President-elect Donald Trump may have a plan to make America great again by reinvigorating the nation’s manufacturing economy but a group of researchers is warning that there’s a major threat to the U.S. economy totally out of his administration’s control.
According to researchers at the University of Cambridge, solar storms capable of knocking out power to vast swaths of the U.S. could cost the nation’s economy more than $40 billion for every day the power is down.
That’s the figure for one of the most extreme scenarios considered by the researchers, wherein 66 percent of the U.S. population would be without power.
But even much smaller power disturbances caused by solar storms could cause significant economic trouble.
If a solar disturbance knocked out power to only the nation’s northernmost regions, the researchers concluded, it would cost the U.S. economy more than $6 billion for every day down. In another scenario where just under half of the nation would be without power, losses could total more than $16 billion per day.
The researchers also looked at which parts of the economy would be hardest hit by widespread power outages. They learned that the manufacturing sector would feel the most pain, followed by government, the financial services and insurance industries and property.
Edward Oughton of the Cambridge Centre for Risk Studies at Cambridge Judge Business School, one of the researchers on the project, said he was surprised that this research wasn’t already out there “given the uncertainty surrounding the vulnerability of electrical infrastructure to solar incidents.”
While he’s right that there’s pitiful little research about how a solar flare could cause damage to the U.S. economy, the federal government has thoroughly studied how a foreign enemy or terror organization could cripple the nation with an attack on the power grid.
According to a Government Accountability Office report out last year, around 24,000 substations and 430,000 miles of transmission cables are vulnerable to catastrophic failure wrought by the actions of bad actors.
Based on interviews with power grid excerpts, GAO reported that one of the biggest threats to the nation’s power grids would be electromagnetic disturbances created by detonating small nuclear devices high above key electrical infrastructure assets. North Korea, Iran, Russia and China all have the capabilities to carry out such attacks.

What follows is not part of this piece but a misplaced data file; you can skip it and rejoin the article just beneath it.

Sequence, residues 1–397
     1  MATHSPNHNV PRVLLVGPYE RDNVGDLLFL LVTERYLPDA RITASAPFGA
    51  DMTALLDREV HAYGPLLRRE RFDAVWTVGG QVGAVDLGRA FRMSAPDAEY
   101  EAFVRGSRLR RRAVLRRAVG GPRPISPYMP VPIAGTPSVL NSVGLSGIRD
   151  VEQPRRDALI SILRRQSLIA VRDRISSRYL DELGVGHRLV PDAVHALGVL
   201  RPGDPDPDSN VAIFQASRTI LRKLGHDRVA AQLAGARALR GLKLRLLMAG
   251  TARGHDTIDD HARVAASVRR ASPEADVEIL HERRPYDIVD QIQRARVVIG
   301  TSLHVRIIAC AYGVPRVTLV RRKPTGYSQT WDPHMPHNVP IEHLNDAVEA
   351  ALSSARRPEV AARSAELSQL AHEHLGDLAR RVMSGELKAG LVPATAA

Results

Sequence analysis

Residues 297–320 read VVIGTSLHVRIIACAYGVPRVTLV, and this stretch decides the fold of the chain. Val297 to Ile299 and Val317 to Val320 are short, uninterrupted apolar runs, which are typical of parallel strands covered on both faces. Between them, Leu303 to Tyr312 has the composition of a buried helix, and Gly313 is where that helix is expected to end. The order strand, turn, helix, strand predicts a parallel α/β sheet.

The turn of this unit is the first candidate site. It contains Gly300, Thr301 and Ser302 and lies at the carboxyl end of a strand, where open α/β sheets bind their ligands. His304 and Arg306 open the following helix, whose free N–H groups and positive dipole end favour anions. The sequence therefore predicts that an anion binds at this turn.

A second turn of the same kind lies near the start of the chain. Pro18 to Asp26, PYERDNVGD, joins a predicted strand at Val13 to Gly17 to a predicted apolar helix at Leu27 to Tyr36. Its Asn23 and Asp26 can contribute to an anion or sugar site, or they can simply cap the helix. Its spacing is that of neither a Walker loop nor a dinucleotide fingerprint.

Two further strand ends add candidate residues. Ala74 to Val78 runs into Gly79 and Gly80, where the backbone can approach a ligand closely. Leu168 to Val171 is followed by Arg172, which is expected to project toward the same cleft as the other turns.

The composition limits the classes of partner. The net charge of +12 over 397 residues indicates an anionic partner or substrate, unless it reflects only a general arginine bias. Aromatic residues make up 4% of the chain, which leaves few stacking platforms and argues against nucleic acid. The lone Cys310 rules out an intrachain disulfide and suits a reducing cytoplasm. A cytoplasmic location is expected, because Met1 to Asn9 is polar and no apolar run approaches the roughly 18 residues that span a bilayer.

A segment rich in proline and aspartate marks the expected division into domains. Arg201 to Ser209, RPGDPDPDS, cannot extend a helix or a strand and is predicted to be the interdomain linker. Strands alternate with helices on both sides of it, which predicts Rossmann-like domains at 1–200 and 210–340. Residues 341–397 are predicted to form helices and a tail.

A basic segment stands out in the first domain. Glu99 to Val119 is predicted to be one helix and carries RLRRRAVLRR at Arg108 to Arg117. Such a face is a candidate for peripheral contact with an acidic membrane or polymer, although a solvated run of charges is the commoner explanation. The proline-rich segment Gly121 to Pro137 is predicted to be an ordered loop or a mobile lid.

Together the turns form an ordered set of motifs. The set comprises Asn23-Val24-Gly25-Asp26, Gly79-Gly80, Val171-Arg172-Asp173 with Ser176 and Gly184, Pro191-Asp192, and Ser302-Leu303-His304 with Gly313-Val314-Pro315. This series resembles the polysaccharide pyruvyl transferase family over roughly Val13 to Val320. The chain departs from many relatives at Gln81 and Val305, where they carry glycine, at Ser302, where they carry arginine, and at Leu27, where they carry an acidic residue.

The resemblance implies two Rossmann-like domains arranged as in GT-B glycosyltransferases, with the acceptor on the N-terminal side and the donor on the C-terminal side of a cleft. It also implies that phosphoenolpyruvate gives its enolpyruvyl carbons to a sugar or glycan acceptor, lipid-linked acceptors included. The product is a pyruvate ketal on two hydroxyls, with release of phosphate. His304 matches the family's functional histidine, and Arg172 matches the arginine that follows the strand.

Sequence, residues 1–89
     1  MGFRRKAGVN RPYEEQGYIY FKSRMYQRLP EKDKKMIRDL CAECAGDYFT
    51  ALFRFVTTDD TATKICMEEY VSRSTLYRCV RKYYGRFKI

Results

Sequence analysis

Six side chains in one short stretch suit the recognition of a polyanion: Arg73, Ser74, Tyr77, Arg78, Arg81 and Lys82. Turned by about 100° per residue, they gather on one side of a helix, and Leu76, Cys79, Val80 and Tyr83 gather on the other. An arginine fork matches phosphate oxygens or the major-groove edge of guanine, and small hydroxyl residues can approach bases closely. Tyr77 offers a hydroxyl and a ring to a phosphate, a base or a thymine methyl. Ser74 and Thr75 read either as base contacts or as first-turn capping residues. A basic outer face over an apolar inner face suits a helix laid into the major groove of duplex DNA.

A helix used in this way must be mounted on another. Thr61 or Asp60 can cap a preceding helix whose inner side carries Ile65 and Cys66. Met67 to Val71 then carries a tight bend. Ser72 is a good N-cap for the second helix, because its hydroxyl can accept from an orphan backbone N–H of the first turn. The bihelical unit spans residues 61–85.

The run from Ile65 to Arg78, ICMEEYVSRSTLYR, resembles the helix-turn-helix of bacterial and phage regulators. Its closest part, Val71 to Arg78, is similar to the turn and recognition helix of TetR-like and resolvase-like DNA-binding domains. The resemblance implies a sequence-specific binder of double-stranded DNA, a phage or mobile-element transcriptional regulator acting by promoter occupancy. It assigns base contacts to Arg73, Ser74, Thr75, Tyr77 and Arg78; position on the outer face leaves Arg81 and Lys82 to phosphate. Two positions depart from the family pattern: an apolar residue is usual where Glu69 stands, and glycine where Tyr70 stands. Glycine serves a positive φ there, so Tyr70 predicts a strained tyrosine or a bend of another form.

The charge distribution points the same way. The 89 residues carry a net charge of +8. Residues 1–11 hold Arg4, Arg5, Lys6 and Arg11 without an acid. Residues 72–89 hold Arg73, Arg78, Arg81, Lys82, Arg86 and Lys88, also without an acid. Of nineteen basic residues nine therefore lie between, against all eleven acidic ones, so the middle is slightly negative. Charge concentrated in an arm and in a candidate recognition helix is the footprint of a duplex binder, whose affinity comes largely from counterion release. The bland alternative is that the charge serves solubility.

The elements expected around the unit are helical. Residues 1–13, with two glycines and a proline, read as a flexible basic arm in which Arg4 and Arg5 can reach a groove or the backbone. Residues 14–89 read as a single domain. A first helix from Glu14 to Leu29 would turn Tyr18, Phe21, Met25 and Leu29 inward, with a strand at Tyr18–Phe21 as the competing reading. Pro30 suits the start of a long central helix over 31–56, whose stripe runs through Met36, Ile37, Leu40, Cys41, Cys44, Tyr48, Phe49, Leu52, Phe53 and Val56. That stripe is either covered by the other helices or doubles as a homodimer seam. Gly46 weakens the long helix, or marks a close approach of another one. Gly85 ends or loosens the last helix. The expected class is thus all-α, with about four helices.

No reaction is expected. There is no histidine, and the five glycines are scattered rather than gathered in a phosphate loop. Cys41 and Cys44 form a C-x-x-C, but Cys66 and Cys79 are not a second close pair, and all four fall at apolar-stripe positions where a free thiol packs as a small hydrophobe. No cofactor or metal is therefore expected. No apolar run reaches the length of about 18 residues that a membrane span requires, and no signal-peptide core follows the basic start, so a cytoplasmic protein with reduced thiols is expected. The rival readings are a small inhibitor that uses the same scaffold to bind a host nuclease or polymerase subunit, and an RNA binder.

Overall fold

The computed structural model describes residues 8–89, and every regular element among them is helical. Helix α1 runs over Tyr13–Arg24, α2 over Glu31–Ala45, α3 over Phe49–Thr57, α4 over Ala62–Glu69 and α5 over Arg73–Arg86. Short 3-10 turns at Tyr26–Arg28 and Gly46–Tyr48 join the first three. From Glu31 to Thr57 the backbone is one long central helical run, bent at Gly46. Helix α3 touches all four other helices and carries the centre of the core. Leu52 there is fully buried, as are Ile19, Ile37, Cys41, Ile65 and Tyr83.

Another concern involves the possibility of targeted cyber-attacks on the 700 large power transformers throughout the nation. According to the GAO, a hacker acting alone or on behalf of a terrorist organization could cause transformer failure and mass power outages with little more than a laptop.
What’s more alarming than the information that bad actors or solar events could disrupt the nation’s power grid, crippling the economy and key government operations, is how poorly prepared the federal government is to deal with such an attack.
In its report last year, the GAO found that disaster response officials aren’t really even sure who should be planning for such a disaster.
“Industry representatives and other federal officials told us it is not clear who within Department of Homeland Security is responsible for addressing electromagnetic risks,” the GAO noted in its report.
Luckily, there are some firms in the U.S. working to shore up the energy sector. In fact, it’s become a billion dollar industry.
Because the mainstream media goes to such great lengths to ignore actual threats to the American way of life as network news focuses on gun control and transgender bathrooms, many Americans have little knowledge of this quickly growing energy protection sector.
But that’s good news for contrarian investors, who are finding excellent ground floor opportunities to fund operations that could protect the nation from a devastating disaster while turning a handsome profit. That’s the way the market works.
If you’re interested in learning more about these exciting projects, check out this in-depth report from our sister publication The Bob Livingston Letter™.